Fr. Augustine Tolton (1854-1897) was the first black priest in the United States. Born into a black Catholic slave family, Father Tolton conquered almost insurmountable odds to become a Catholic priest, and at his early death at 43, this pioneer black American priest left behind a shining legacy of holy service to God, the Church and his people.
With the thorough scholarly research and inspirational writing by Sister Caroline Hemesath, the great legacy of this first black priest, and his courage in the face of incredible prejudice within the Church and society, will be a source of strength and hope for modern Christians who face persecution for their faith, especially black Catholics who still experience similar prejudices. In American history, many black people have achieved, against great odds, success and made distinct contributions to our society and their fellowman. But Father Tolton faced a different source of prejudicean opposition from within the Church, the one institution he should have been able to rely on for compassion and support.
He endured many rebuffs, as a janitor spent long hours in the church chapel in prayer, and attended clandestine classes taught by friendly priests and nuns who saw in his eyes the bright spark of the love of God, devotion to the Church and a determination to serve his people. Denied theological training in America, these friends helped him to receive his priestly education, and ordination, in Rome. He later became the pastor of St. Monica's Church in Chicago and established a center at St. Monica's which was the focal point for the life of black Catholics in Chicago for 30 years.
The author interviewed many people who knew Father Tolton personally, including St. Katharine Drexel, and presents a deeply inspiring portrait of a great American Catholic.
Within this book are various illustrations and photographs.
"Few stories are as moving, and as exciting as that of Father Augustine Tolton, who rose from the chains of slavery to become the first recognized Black priest in the United States. The life of this holy hero has inspired me since my childhood, and having this opportunity to reacquaint myself with Father Tolton's virtuous life, has been a true blessing. Sister Caroline Hemesath's biography, first published three decades ago, makes a welcome reappearance this summer, from Ignatius Press. This is a life that for all its accomplishments on behalf of a specific minority, imitates closely the life of our Lord Himself, readily seen in the generosity, the long-suffering, and the never disturbed peace that marked the short, but so eventful years of Father Augustine Tolton. Everyone will be moved by his story, and I especially urge young Catholics to read the book, and learn from Father Tolton, just how much a life can mean, and how much God can accomplish through us, if we are willing."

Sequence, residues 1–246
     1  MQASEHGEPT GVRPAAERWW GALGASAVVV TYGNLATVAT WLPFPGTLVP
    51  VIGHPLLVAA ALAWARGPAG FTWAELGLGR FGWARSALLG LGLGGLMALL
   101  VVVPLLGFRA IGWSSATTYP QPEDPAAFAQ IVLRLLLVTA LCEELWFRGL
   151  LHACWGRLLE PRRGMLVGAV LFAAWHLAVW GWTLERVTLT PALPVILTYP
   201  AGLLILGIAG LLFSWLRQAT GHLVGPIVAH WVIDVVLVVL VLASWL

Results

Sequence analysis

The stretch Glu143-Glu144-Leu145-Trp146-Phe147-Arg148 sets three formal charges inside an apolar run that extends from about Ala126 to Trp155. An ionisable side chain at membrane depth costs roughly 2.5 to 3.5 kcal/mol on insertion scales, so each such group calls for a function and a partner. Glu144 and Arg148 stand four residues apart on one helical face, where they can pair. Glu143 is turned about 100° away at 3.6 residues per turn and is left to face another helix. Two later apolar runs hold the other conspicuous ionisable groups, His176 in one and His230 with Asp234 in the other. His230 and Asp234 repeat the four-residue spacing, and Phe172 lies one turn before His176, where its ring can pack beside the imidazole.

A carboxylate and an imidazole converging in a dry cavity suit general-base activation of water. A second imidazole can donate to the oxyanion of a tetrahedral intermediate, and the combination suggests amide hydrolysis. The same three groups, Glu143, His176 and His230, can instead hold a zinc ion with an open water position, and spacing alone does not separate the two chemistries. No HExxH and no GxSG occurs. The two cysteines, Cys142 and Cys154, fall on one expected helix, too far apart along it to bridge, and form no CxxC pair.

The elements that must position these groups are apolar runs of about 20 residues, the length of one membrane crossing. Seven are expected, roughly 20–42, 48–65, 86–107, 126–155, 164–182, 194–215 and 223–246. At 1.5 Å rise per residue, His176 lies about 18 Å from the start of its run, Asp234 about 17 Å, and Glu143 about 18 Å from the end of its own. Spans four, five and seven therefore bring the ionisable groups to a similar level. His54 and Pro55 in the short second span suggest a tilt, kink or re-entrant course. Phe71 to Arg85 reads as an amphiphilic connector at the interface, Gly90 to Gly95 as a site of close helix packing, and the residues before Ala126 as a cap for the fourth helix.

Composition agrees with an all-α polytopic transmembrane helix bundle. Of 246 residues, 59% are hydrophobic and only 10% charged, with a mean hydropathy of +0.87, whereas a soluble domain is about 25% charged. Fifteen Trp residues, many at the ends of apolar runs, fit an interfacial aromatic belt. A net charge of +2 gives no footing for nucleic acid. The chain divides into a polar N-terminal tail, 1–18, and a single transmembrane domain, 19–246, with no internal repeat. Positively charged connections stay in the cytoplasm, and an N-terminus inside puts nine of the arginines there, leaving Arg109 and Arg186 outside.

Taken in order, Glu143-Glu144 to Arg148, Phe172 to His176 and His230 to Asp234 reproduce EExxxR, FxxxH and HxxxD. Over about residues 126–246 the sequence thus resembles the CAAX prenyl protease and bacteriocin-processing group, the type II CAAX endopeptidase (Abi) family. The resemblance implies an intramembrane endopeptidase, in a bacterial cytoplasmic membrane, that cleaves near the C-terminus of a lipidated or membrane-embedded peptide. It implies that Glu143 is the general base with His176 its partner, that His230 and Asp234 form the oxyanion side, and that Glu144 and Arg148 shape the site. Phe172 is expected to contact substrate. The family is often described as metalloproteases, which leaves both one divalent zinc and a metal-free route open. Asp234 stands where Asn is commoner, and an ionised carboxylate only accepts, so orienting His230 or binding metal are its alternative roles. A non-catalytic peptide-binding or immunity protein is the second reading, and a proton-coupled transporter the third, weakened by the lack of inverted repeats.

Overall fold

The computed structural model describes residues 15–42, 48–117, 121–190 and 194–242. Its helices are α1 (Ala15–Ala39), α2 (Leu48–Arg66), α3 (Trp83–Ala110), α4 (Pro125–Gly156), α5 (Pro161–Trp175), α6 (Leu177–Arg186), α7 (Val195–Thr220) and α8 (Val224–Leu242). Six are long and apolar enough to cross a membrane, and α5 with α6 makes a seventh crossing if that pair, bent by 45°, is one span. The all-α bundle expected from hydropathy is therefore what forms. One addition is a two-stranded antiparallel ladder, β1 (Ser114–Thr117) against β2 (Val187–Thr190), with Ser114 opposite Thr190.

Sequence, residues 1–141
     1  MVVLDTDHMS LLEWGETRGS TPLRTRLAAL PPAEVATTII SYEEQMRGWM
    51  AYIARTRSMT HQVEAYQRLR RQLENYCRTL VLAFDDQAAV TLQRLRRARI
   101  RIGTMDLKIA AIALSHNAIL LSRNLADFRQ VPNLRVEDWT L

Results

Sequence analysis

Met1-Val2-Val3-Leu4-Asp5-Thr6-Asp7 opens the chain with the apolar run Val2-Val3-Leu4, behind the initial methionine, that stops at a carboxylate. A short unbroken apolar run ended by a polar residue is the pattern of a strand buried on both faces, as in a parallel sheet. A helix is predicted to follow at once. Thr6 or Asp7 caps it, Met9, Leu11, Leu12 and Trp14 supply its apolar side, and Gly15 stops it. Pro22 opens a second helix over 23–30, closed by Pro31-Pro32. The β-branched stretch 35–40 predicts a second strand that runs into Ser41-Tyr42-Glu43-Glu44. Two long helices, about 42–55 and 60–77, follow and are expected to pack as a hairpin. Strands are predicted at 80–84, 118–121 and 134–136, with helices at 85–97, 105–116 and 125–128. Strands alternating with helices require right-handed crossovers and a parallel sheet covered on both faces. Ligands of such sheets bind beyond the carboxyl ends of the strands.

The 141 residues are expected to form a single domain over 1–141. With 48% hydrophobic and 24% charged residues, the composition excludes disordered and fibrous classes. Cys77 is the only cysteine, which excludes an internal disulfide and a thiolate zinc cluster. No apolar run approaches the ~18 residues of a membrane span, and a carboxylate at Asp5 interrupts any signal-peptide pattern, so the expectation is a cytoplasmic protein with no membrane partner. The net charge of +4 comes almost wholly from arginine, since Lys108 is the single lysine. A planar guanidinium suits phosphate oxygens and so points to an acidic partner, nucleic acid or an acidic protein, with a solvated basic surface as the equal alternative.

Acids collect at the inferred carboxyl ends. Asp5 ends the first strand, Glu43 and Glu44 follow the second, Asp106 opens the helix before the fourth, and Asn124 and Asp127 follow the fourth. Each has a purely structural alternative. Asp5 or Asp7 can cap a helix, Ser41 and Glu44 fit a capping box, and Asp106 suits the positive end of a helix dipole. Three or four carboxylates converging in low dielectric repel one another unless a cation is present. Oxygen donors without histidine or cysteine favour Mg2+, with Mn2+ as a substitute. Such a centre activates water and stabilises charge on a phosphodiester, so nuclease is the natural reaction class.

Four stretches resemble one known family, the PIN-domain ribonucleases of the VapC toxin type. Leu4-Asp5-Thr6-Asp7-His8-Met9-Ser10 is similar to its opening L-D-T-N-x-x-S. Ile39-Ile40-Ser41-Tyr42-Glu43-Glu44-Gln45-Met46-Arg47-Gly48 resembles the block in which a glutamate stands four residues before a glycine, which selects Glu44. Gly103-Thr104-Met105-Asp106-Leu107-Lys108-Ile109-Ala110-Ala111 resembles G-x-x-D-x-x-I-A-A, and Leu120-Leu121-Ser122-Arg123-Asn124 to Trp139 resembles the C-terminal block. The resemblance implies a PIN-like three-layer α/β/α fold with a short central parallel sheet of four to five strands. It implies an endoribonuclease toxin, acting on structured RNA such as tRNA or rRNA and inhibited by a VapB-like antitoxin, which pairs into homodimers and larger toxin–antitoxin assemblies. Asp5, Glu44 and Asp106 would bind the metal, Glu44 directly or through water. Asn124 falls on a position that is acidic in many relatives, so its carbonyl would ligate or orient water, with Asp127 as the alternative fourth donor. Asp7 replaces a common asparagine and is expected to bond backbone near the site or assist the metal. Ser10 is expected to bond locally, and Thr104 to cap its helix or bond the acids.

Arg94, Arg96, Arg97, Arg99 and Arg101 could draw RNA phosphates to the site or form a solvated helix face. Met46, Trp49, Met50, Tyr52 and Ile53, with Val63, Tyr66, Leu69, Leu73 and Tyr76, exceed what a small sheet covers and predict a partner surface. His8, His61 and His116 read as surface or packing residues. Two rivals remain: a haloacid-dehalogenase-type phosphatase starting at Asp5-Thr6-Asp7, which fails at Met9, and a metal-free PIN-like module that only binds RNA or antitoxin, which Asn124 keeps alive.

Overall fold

- Wilton D. Gregory, Archbishop of Atlanta
"From Slave to Priest is an inspiring account of the first Black Priest in the United States. Augustine Tolton was born a slave and perservered against all odds to attain his goal to be a Catholic Priest. While the Civil War ended slavery, it only began the struggle for racial equality. Tolton's fervent vocational commitment was constantly challenged by prejudice, but he also experienced strong support. His brief priestly ministry was marred by prejudice, yet showed the power of God by the acceptance of both black and white faithful. Tolton's perseverance in his vocational commitment is an inspiring lesson for us all."
- Cardinal Justin Rigali, Archbishop of Philadelphia
"...Fr. Tolton is certainly an inspiring example of courage and determination in today's Church, for all of us called to respond to God's vocation to holiness, and especially those called to the priesthood and religious life. I am sure this book will contribute to making known his witness to unwavering fidelity to Christ: a legacy not only for the American Church, but also for all modern Christians, who face persecution for their faith..."
- Cardinal Ivan Dias Prefect, Congregation for the Evangelization of Peoples (Formerly Collegium Propaganda Fide, which educated Fr. Tolton)